Red Sox

Let’s compare and contrast Pedro Martinez and Chris Sale

Sale is no Martinez, but he sure has done a lot of Pedro-like things.

Chris Sale Pedro Martinez
Chris Sale and Pedro Martinez. The AP

I can’t swear to you there will never be another Pedro Martinez. The original himself was pretty close to implausible.

The original was undersized and unimposing, until he stepped up those six inches to the top of a pitcher’s mound. It was there, in his workspace, where everything about him became larger than life. His talent, of course, but also his competitiveness, his charisma, even, when the game was done, his candor.

We overuse brilliant. Not with Pedro. Pedro was brilliant.

There may be another like him. But there was nothing before, and not a single stray clue that anything like him is on its way since.


It’s tempting to suggest that no one should be compared to Pedro, given that if anyone is beyond compare it should be a pitcher who, in seven years with the Red Sox, went 117-37 (80 games over .500!) with a 2.52 ERA and 190 adjusted ERA during the cheating heart of the performance enhancing drug era. Roger Clemens? Pedro has everything over him but longevity, including a better grasp of the English language.

So let’s go with this: From purely a baseball perspective, the closest thing the Red Sox have had to Pedro – in effectiveness if not aesthetics – is the lanky lefty who will get the ball Friday against the Kansas City Royals.

Chris Sale’s most recent start was the 50th of his Red Sox career, and it was one of his finest. He he held the host Yankees to one hit and one walk over seven shutout innings Saturday, striking out 13, in an 11-1 Red Sox win. Per Bill James’s GameScore, it was his best start of this season, the fourth-best of his Red Sox career, and tied for ninth-best in his nine-year career.

In that venue against that lineup, it was a fine feat, and not an unfamiliar one. Sale is just 6-4 against the Yankees in his career, which, like the Red Sox’ 10-8 record in his starts this year, misleads regarding how excellent he has been.


In 17 career appearances against the Yankees (14 starts – remember when the White Sox were skeptical the young stick-figure lefty could handle a starter’s workload?) he has a 1.61 ERA, and .894 WHIP, and has struck out 130 in 100.1 innings. To borrow a phrase from the past, no, the Yankees are not Sale’s daddy, unless you are trying to make the point that their recent achievements have been surpassed by the son.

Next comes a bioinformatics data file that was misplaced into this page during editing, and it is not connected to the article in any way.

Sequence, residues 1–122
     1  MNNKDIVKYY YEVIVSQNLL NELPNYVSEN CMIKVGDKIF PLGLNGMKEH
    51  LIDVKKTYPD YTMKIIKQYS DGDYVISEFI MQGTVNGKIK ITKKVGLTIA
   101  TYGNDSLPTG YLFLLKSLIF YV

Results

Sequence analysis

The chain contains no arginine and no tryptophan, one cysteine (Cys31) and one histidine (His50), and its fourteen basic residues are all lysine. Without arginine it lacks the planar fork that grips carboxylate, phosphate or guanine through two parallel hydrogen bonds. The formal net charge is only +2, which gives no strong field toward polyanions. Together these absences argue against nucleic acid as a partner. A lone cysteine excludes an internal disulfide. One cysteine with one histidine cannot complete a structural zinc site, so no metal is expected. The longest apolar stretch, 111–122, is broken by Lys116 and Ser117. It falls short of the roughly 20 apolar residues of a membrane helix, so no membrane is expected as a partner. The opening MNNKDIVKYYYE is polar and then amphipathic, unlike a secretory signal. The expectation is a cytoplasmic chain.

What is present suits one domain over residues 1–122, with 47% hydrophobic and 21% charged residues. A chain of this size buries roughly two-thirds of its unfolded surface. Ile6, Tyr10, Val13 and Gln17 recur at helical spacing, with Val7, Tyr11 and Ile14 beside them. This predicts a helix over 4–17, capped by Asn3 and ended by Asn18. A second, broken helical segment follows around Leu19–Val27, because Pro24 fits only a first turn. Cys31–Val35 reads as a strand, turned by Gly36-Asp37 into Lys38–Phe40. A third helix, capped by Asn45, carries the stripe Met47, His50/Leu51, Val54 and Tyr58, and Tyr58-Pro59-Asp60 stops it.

Sale – who is striking out 12.7 batters per nine innings and has already produced 4.8 WAR — appears to be on his way to a seventh-straight top-six finish in the Cy Young balloting, though the Yankees’ Luis Severino is probably the front-runner at this point. A win Friday night would make the 100th of his career.

But Sale still has to prove the big stuff. He led the American League in innings pitched last year (though 214.1 isn’t exactly a Nolan Ryan-level workload) and he wore down in the second half (hitters had an .875 OPS against him five September and October regular-season starts. He’s pitched 116 innings entering Friday’s start, which puts him seventh in the majors and fifth in the American League (just nine behind leader Justin Verlander).

He’s yet to win a playoff game in his career, and his first postseason go-around was a debacle of David Price-in-October proportions. Sale put up an 8.38 ERA with four homers allowed in 9.2 innings against the Astros in the divisional round last year.


I wouldn’t call it an aberration, because he clearly wasn’t sharp, and that’s concerning. But I’d bet on his redemption.

The informative Twitter feed @bostonsportsinf put together a chart Thursday of how Sale’s first 50 starts stack up to other prominent Red Sox pitchers over the last 40 years. He had nine fewer wins than Pedro over that stretch, and Pedro had the lower ERA in a hitter-happy time when pretty much no one other than him had a low ERA. But Sale’s WHIP, K/9, and K/BB rates were better. He’s not Pedro. But he’s done a lot of Pedro-like things, and only legends and aspiring legends can say that.

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The main difference, and one I hope is bridged, is in their public personalities. Pedro was an open book. Sale often just shows us the dust jacket. He’s accountable and quick to credit teammates, and his humility seems authentic. But he’s also low-key when there are clues that his private personality is not low-key at all, and in a wholly likable way. He’s not a superstar mystery in the Kevin Garnett sense, but you do get the sense the public would love his private persona.

When the Red Sox acquired him from the White Sox in December 2016, we knew he was a cut-up in one sense – wielding scissors and his own rage, he famously turned ill-fitting White Sox throwback jerseys into throwback shreds of useless fabric one time.


But who knew he was a cut-up when it came to having a good time? If you saw the picture of Sale and his Red Sox teammates boarding their team plane in Washington Wednesday in full Fourth of July regalia, you must have done a double-take before the inevitable burst of laughter.

There was Sale, the supposedly straight-laced ace, wearing a bow tie, cutoff jorts, and a bucket hat. What he was not wearing was a shirt. I’m not sure we needed to see the front of Sale. But it was amusing to see that side from him. Perhaps he’ll reveal more of it off the field once he and the Red Sox achieve what they want to on it.

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